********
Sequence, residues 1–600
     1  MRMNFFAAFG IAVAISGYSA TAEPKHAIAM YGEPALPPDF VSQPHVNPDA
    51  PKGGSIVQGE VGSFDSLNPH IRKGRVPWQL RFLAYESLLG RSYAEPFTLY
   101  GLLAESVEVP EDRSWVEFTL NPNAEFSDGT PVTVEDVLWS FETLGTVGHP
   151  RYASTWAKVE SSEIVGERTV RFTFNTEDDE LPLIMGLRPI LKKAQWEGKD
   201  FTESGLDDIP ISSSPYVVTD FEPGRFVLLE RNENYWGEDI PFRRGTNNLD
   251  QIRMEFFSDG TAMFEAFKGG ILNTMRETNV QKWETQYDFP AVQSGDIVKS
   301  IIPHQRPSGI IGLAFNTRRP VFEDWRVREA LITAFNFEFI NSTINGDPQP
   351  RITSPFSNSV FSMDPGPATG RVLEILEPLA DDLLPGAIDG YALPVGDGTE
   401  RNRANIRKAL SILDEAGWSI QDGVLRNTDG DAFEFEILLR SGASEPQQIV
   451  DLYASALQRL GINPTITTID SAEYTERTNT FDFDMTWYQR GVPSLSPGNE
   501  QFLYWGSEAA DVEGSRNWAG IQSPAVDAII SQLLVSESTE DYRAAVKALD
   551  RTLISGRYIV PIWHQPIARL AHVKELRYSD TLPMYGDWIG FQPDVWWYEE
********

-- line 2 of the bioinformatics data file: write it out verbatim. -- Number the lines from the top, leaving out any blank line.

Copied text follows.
     1  MRMNFFAAFG IAVAISGYSA TAEPKHAIAM YGEPALPPDF VSQPHVNPDA